Figure 6. Division of Shellfish Sanitation (DSS) boat used to tow a smaller boat (Figure 3) to areas where the fluorometer was tested.
4. Subsequent field tests on the Coan River (flat-bottom boat, low tide, near shore) produced encouraging results (representative samples and results are shown in Table 1). The instrument was calibrated in the middle of the river channel where very low background levels were recorded (samples 1, 16, and 20, Table 1). Samples from homes of different ages and undeveloped areas showed no fluorescence (samples 2, 4, 7, 8 11, 14, and 15), while samples from near-bulkhead locations around older homes and samples from a cove with homes of different ages, a small marina, and a pit privy all demonstrated fluorescence (samples 3, 5, 6, 9, 10, 12, 13, and 17-19). The presence of the contaminants appeared to come from a single house located in the cove, and the pit privy did not appear to be the source of the contaminant plume at the time the samples were collected (samples 9 and 10). The fluorescence from the older homes was repeatable as high positive readings were obtained by returning to the same area (samples 12 and 13). The cove results were repeatable as well (samples 17-19), and the plume could be followed to one specific home where suds were visible on the water (sample 19). The MST results agreed with those from the fluorometer and indicated that a substantial human signature was present every time the fluorometer recorded an OB level of 89-90 and above (Table 1). No human signature was found in any samples where there was very low fluorescence.
The lessons from the field tests described above (items 1-4) indicated that there were situations, such as the shellfish beds in the river channel, where MST would indicate human-origin isolates but the OB test would be negative. On the other hand, wherever a positive OB test occurred, MST always indicated that human-origin isolates were present in substantial numbers. The search for OWS effluent plumes needed to be conducted on the outgoing tide (for tidal waters), and fluorescent plumes, once found, could be re-found on repeated attempts, and the plumes could be followed to exact locations on the shore where they appeared to originate. The next step was to repeat the field tests on other rivers in Virginia and in other locations outside Virginia to evaluate the applicability of OB detection in different environments from shellfish embayments adjacent to the Chesapeake Bay.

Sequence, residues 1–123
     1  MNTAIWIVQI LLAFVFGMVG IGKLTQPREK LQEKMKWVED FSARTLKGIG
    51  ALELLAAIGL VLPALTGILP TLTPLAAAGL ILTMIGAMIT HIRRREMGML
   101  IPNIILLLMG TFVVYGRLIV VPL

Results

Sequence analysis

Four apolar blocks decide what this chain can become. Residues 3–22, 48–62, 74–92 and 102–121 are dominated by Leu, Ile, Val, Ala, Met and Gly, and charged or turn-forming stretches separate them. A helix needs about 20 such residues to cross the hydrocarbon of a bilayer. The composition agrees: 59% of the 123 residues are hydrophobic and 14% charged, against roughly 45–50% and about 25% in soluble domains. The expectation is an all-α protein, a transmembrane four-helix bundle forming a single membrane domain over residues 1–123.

Table 1. Fluorometer and MST test results from field tests on rivers in Virginia.
|Sample No.||Units of Fluorescence||Site Description||Substaintial Human Signature Based on MST|
|1||17||Background, calibration of instrument||---|
|2||22||Small beach, older homes||No|
|3||93||Small marina, cove with privy||Yes|